Why supporting Indigenous rights means supporting Palestine

1 November 2023
Jordan Humphreys

For left-wing people in Australia, support for Aboriginal rights is almost axiomatic—rightfully so in a country where Indigenous people are plagued by over-policing, racist politicians and endemic poverty. But horror at the racism Indigenous people in Australia face shouldn’t stop at the national border, and nor should solidarity.

Recognition of this fact is increasingly evident in the response to Israel’s war on Gaza. It is reflected in the thousands of anti-racists who have attended protests against the war, as well as the many expressions of solidarity on social media that link the struggle of Indigenous people and the Palestinians.

But among the self-proclaimed Indigenous rights supporters in the establishment, like Prime Minister Anthony Albanese and most of the Labor cabinet, the opposite is the case. Albanese championed the Voice to Parliament as a way to acknowledge the past injustices suffered by Indigenous people. But he seems to care little about the current injustices happening right now in Palestine. While thousands die from Israel’s bombs in Gaza, Albanese has lined up with the rest of the Western leaders to expound Israel’s “right to defend itself” and give a green light to a possible genocide.

It is utmost hypocrisy to criticise the long history of genocide, frontier wars and racist discrimination in Australia, while not condemning Israel’s brutal war against the people of Gaza as it unfolds live on our screens. After all, Israel is right now trying to complete the very thing that many rightfully condemn the forerunners of the Australian government for starting in 1788: an ethnic cleansing of the Palestinian people from their own land.

All the horrors that were visited upon the Indigenous people of Australia, including violent attacks by armed soldiers, land dispossession, social segregation and racist demonisation, have been a feature of life for the Palestinians for decades. The Israeli state was created in 1948 out of a genocidal assault that led to hundreds of thousands of Palestinians fleeing their homes and the Israeli military seizing most of the historic nation of Palestine. Since then, Israel has constructed an apartheid regime to punish and terrorise the Palestinians who remain.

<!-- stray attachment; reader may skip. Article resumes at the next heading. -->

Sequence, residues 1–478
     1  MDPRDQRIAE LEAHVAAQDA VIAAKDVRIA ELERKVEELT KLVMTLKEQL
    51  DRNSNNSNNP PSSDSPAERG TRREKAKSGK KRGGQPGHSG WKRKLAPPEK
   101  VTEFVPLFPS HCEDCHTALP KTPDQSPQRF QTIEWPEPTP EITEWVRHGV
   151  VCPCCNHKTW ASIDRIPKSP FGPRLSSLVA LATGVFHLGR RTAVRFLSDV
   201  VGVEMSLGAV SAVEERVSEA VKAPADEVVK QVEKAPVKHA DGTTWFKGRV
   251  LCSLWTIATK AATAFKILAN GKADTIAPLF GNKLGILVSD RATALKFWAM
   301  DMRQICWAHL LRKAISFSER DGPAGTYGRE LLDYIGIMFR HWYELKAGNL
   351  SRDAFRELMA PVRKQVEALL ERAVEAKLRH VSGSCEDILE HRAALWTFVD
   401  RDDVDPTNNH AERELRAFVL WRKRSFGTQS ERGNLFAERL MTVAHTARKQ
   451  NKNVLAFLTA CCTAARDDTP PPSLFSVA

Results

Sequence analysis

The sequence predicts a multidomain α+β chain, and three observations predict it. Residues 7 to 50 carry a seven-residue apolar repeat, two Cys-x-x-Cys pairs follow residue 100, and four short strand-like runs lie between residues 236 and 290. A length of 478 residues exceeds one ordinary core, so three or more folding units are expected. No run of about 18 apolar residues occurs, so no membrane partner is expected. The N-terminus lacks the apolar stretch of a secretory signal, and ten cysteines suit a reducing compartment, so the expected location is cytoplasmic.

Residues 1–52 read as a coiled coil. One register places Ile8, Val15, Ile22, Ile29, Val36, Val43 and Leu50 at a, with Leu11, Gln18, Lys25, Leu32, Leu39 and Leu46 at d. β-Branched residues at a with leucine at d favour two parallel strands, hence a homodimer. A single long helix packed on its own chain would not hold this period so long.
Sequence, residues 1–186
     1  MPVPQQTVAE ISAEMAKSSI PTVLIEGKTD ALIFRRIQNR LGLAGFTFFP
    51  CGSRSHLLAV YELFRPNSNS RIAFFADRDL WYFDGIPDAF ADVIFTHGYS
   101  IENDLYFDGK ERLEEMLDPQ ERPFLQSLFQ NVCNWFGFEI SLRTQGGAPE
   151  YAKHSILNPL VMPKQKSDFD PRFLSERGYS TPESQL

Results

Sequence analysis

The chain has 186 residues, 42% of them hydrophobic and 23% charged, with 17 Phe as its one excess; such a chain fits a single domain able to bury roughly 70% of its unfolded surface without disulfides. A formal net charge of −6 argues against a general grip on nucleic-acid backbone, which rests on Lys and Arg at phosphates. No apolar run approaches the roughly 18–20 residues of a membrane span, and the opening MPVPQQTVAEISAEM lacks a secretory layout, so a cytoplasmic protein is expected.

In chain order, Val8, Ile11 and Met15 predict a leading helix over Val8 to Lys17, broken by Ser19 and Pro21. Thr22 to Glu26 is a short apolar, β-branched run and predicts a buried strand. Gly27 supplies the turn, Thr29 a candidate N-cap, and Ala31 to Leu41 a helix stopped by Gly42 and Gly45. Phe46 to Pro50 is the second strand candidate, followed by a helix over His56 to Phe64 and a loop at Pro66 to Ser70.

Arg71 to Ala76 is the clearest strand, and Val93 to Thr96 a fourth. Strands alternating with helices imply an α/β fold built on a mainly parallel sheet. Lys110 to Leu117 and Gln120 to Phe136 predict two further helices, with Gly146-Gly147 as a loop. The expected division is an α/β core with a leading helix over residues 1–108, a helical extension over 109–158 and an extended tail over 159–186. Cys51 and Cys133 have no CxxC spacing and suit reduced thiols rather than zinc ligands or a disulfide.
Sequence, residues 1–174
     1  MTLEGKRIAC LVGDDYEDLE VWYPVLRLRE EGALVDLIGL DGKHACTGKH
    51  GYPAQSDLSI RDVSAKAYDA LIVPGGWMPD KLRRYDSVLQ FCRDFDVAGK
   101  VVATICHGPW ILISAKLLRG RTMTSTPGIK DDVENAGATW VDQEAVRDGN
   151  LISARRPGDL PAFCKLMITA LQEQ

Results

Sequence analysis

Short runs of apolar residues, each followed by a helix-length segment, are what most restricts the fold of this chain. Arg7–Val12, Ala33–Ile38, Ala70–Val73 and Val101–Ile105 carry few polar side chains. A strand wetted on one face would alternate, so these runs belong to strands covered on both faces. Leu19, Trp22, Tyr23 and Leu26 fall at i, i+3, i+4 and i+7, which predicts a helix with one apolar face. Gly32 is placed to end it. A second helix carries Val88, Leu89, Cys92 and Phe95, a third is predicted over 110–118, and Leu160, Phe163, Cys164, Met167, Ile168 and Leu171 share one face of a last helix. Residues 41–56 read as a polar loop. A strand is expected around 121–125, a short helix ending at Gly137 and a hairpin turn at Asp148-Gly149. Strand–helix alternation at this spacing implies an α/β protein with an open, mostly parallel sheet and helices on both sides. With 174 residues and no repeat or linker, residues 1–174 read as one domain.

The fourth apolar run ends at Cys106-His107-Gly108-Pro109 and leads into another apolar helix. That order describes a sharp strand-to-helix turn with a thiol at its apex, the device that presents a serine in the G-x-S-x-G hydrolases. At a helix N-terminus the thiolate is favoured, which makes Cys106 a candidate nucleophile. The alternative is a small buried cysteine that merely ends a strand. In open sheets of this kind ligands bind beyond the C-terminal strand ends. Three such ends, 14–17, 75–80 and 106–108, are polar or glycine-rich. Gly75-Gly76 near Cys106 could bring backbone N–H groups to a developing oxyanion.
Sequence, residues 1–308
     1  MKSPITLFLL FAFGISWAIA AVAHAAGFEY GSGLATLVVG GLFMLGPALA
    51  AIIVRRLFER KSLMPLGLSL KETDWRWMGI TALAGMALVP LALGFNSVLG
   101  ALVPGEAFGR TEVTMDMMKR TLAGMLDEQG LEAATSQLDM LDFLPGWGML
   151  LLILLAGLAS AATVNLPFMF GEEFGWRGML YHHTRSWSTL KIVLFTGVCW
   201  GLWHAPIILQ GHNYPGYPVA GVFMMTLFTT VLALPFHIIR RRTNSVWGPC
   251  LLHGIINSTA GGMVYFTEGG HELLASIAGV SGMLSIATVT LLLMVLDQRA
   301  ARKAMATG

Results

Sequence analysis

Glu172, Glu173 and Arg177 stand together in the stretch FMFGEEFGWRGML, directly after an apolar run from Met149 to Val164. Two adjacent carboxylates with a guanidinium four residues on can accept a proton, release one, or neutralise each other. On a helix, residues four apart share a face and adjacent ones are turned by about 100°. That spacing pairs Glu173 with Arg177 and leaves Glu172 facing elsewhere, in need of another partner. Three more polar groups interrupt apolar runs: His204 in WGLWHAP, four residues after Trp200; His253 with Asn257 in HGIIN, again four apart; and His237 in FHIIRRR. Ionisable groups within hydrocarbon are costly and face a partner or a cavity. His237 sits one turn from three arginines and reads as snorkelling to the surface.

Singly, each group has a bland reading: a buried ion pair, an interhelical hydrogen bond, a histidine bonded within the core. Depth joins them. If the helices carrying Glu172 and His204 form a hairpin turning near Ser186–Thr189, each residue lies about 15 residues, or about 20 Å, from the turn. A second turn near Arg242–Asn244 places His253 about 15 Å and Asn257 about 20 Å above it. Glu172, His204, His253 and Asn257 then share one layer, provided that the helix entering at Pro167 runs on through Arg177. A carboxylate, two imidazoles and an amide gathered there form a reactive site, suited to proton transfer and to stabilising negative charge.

Unlike in Australia, the Israeli government was not able to dispossess the Palestinian people entirely in 1948, and nor has it managed to since. In the West Bank and Gaza, Palestinians still retain control over sections of their historic homeland and are fighting politically and militarily to regain their land and establish an independent state.

Many Israeli politicians want to finish what was started in 1948 and drive the rest of the Palestinians from Gaza and possibly even the West Bank. They see the current war as an opportunity to make gains in that regard. As the Israeli MP Ariel Kallner wrote, “Right now, one goal: Nakba! A Nakba that will overshadow the Nakba of 48”.

This objective is acceptable to the Western powers that back Israel, and for whom Israel represents an important ally and base of operations in a largely hostile geopolitical region. Australia is one of the most craven.

The establishment in Australia recognises and accepts this fact, at the same time as many in its ranks profess their support for Indigenous people and acknowledge the history of violence, racism and exploitation they have been subjected to. Of course, they don’t do anything to actually help Indigenous people in the here and now, but they are mostly fine with accepting that there was a genocide a long time ago.

It is far easier to condemn the crimes of the past than it is to confront the horrors of the present, especially when your state is one of the beneficiaries of that horror. To stand on the side of the oppressed when the intense propaganda campaign of the oppressors is in full swing is rarely a mainstream or popular exercise.

Many of those who fought to abolish slavery, criticised South African apartheid or marched for civil rights and democratic reforms were vilified at the time as deluded criminals or mocked as silly utopians by the establishment, even if today they are venerated.

We can’t wait for history to make its judgement. We have to throw ourselves into the fight for justice today, no matter how controversial that is with the powers that be.

Thousands who know what it means to support Indigenous rights, and who understand what was done to Indigenous people in Australia and why, are joining the rallies against those same crimes being committed against Palestinians. Those who want to bleat on about Indigenous rights only because they think it might be electorally expedient, are cheering on capitalism’s latest genocide.


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